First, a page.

Is People of Darkness Based on a Real Cult?

The second season of AMC+’s crime thriller series, ‘Dark Winds,’ takes the audience back to Navajo Nation in the 70s, where Lieutenant Joe Leaphorn discovers a case that connects to the death of his son. It begins with an explosion that claims a Navajo man’s life but turns out to be an elaborate plan that involves several people whose actions have affected the community’s past and will have severe implications for its future. Leaphorn’s investigation collides with Jim Chee’s, who has become a private eye since the events of the previous season.

He is told to retrieve a box that was stolen by a Navajo man. Both cases lead Chee and Leaphorn to an organization called People of Darkness. On the surface, it looks like any other cult, but soon, it turns out to be much more than that. Considering how the show presents a raw and realistic portrayal of the Native American experience, with its themes ringing true on several levels, you might wonder if People of Darkness is also inspired by a real cult. Let’s find out. SPOILERS AHEAD.

People of Darkness is Not a Real Cult

Created by Graham Roland, ‘Dark Winds’ is an adaptation of the book series written by Tony Hillerman. The second season is based on the book called ‘People of Darkness,’ which was published in 1980. While the show makes some changes to the characters and setting of the story, it mostly remains faithful to the source material when it comes to the central mystery. The concept of People of Darkness is also picked from the book and is not based on any real-life cult. However, the writer was influenced by a couple of real-life things when he came up with it.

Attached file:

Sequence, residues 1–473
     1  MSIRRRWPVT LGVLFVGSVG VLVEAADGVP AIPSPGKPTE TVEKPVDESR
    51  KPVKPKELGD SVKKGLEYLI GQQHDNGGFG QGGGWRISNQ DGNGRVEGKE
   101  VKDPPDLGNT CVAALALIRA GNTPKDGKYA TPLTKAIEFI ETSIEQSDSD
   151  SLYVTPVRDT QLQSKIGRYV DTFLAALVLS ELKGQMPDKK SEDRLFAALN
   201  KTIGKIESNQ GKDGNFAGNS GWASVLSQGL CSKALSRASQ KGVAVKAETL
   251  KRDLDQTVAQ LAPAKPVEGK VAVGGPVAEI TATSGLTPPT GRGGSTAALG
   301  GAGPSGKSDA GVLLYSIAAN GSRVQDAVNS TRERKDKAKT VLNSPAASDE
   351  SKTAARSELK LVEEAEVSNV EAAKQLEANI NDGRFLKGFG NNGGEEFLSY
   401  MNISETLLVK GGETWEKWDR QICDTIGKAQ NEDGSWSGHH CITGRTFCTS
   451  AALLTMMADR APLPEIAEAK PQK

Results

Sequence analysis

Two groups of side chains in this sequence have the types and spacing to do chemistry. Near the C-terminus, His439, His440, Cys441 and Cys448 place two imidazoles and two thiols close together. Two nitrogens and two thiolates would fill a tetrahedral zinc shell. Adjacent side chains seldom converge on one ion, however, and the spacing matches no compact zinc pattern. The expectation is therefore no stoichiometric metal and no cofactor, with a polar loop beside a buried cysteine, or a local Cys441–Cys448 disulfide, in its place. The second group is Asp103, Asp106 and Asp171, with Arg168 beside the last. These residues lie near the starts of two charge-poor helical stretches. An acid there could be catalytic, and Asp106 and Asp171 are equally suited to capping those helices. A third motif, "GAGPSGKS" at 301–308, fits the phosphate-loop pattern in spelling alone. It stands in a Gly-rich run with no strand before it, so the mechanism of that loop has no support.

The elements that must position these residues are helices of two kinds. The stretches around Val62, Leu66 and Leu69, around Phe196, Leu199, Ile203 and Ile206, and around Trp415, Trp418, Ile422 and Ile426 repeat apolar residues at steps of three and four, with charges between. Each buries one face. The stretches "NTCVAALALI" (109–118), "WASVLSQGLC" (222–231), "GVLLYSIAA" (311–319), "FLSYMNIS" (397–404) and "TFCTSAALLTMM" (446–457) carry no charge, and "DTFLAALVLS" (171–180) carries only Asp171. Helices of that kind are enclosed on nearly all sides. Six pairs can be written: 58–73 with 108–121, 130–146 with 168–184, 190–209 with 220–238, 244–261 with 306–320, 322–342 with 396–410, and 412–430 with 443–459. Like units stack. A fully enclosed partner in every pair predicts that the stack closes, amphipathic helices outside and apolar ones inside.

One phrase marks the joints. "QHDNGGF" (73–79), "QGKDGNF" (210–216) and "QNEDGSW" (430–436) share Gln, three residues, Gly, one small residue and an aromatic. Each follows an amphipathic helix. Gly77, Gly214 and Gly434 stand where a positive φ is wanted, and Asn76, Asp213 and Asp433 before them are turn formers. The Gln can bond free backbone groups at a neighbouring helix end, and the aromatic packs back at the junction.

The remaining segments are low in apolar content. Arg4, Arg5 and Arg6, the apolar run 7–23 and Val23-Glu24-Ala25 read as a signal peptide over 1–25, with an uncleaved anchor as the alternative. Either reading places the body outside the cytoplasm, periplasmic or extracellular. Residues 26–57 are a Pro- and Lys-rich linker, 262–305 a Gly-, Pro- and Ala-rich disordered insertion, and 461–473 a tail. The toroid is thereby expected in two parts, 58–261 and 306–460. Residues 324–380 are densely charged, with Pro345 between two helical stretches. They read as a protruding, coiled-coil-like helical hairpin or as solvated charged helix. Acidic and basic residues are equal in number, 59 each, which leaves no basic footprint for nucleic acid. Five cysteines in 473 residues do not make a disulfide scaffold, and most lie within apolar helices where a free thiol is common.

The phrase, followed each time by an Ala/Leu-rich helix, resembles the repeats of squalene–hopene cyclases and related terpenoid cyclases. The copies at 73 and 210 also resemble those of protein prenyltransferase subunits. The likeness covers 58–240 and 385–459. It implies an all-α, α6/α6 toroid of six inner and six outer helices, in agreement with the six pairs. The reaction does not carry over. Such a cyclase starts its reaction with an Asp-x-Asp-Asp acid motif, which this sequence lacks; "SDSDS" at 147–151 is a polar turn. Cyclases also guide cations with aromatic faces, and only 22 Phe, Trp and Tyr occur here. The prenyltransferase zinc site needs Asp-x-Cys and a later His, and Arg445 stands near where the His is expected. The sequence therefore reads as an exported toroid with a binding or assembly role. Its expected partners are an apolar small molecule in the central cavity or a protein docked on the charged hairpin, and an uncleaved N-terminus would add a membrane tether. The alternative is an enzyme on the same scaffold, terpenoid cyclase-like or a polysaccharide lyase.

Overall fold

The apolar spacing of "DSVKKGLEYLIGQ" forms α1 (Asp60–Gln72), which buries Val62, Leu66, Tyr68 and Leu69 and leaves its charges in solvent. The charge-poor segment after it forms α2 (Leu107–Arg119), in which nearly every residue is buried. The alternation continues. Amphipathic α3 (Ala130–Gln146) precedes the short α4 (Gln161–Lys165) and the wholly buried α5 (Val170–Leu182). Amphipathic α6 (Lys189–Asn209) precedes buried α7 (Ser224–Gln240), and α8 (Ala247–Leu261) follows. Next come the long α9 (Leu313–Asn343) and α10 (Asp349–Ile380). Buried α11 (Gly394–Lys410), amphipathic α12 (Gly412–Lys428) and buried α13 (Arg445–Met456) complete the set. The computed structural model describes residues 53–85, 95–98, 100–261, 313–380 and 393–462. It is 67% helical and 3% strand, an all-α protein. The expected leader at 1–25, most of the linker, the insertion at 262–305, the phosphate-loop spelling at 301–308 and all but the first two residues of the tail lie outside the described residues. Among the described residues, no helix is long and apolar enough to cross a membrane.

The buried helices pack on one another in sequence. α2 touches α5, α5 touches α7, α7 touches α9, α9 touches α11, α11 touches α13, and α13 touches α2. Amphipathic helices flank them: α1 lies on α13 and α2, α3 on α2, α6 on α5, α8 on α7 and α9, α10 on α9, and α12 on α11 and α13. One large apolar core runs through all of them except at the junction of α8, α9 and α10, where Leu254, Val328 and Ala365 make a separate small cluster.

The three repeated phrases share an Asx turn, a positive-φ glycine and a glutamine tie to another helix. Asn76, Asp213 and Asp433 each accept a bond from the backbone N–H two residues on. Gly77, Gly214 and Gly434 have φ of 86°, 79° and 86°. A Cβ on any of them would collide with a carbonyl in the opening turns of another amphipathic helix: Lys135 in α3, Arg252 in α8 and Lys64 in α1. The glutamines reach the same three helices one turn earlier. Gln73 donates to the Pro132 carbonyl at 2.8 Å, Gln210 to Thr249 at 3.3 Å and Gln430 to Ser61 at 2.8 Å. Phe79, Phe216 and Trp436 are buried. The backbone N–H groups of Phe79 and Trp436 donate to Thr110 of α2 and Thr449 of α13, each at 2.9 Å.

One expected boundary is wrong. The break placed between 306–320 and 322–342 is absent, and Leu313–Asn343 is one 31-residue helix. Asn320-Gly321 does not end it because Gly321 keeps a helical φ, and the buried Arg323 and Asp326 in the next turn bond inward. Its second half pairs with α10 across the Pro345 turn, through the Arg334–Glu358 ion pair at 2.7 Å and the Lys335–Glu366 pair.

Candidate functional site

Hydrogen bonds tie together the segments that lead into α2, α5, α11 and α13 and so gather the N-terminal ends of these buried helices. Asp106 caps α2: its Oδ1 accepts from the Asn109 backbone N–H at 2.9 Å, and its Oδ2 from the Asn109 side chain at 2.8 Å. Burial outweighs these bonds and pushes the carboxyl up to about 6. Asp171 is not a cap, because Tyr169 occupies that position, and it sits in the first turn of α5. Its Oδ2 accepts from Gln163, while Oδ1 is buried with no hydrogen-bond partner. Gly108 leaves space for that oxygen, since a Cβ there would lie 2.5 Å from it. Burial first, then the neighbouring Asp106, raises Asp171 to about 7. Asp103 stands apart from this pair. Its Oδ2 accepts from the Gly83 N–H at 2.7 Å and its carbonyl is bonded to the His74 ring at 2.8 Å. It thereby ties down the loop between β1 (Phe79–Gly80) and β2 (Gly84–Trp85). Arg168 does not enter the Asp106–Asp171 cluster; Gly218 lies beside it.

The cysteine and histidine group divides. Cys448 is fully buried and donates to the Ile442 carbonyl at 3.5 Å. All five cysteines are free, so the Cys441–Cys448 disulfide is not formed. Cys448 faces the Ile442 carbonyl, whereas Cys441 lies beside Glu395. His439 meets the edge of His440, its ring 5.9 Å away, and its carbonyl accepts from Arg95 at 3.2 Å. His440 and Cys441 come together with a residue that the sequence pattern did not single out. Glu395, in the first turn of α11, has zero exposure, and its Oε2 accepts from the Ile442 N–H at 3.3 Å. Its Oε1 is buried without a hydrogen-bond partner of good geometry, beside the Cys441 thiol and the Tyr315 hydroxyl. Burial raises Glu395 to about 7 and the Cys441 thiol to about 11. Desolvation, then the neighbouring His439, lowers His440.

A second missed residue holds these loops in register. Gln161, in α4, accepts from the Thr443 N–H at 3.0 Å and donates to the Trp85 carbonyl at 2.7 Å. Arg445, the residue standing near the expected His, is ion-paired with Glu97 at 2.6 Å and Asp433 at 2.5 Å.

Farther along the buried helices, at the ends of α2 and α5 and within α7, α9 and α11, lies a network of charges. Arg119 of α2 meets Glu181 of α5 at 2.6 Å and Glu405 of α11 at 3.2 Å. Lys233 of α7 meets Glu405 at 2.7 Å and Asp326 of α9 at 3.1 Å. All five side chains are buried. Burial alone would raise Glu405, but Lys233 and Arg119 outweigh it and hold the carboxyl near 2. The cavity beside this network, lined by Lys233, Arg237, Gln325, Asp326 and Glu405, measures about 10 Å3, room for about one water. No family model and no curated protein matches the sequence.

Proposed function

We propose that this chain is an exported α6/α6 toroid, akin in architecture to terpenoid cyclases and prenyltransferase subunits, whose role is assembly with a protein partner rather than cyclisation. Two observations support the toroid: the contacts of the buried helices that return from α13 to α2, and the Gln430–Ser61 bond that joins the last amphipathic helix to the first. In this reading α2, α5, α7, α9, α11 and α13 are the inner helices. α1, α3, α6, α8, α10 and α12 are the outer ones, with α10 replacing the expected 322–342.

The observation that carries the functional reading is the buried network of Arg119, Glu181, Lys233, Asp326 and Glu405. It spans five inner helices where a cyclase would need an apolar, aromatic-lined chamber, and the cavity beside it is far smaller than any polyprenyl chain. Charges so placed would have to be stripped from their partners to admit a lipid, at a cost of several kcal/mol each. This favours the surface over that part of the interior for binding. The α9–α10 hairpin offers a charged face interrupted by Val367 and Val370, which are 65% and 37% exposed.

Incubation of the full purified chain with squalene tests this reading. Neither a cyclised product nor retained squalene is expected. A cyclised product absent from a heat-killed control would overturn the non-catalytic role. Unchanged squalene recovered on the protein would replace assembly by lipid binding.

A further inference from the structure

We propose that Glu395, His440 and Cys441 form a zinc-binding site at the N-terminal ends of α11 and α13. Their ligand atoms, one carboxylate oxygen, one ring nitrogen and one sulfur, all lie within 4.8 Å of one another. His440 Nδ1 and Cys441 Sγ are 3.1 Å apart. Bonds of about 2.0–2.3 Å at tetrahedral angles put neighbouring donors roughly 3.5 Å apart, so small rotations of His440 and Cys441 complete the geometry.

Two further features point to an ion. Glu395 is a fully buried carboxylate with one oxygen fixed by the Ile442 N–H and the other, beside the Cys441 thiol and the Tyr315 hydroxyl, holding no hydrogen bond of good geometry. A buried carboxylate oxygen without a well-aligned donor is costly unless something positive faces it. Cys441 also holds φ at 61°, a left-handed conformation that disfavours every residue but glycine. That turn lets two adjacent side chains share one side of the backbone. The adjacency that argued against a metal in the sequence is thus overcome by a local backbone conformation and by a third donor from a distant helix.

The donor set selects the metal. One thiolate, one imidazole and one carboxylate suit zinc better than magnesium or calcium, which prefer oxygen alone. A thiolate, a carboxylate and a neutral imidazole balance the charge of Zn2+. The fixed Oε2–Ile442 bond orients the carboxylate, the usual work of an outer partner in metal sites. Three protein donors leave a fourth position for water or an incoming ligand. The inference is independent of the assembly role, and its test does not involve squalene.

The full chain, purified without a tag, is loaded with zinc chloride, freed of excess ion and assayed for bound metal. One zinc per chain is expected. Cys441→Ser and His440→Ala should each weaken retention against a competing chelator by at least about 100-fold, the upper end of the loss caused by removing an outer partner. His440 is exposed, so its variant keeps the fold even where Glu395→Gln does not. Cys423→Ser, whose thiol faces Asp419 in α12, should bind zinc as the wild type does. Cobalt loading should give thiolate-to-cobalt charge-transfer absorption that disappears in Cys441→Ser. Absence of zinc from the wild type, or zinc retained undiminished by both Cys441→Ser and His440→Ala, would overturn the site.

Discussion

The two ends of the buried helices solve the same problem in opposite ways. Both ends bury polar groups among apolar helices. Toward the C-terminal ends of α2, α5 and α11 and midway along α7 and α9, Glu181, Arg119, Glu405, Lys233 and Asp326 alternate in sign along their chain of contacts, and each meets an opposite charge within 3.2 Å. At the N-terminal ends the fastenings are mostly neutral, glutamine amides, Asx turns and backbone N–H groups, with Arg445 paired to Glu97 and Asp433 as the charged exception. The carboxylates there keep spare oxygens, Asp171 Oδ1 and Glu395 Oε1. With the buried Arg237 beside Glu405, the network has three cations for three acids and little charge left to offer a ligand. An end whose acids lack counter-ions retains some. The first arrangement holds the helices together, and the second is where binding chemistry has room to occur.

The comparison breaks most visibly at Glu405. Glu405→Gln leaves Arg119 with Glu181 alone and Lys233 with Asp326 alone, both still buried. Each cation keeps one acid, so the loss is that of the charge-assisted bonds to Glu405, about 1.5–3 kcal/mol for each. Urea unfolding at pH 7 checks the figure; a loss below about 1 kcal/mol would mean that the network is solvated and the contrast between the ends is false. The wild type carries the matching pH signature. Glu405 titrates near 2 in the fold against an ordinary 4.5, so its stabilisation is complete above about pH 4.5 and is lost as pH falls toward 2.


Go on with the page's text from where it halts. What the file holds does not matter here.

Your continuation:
In the book, People of Darkness emerges as a cult following the explosion at the oil well, which was notoriously predicted by a local man who saw it in a vision and warned a few men not to go to work that day. The prediction creates doubt in most people’s minds, but some take it as a sign and join the cult. Much later, it is revealed that something sinister is going on in the cult, and all of it can be traced back to that explosion. Tony Hillerman, who grounded his stories into Navajo culture, came up with the term “people of darkness” from a Navajo myth that references the mole, “the sacred totem animal adopted by the Navajo peyote cult.”

According to Tony Hillerman Portal, “Hillerman uses the term as an informal reference to a Navajo cult within the peyote religion, a pan-Indian, semi-Christian religious movement. The rituals of the peyote religion involve ingesting peyote cactus buttons containing mescaline, a hallucinogenic substance that produces psychotropic effects.” He combined this knowledge of the Navajo culture with the oil well plot of the story. By the end of the book, it is revealed that the oil well site continued uranium, which was one of the primary motives behind the explosion. Certain people saw profit in mining that uranium, which created a conflict over who should have the land. This is an important part of the first season’s plot and carries over into the second season as well.

The writer most probably came up with the uranium plot from a real-life scenario where uranium became a profitable commodity following the development of the atomic bomb. A lot of people made a fortune in it, and because the story of ‘Dark Winds’ books and the show are set close to that time period, the plot point works well with the overall arc of the story. Considering all this, we can say that while People of Darkness is not a real cult, Hillerman infused it with details that make it look and sound real.

Read More: Is Dark Winds Based on a True Story or a Book?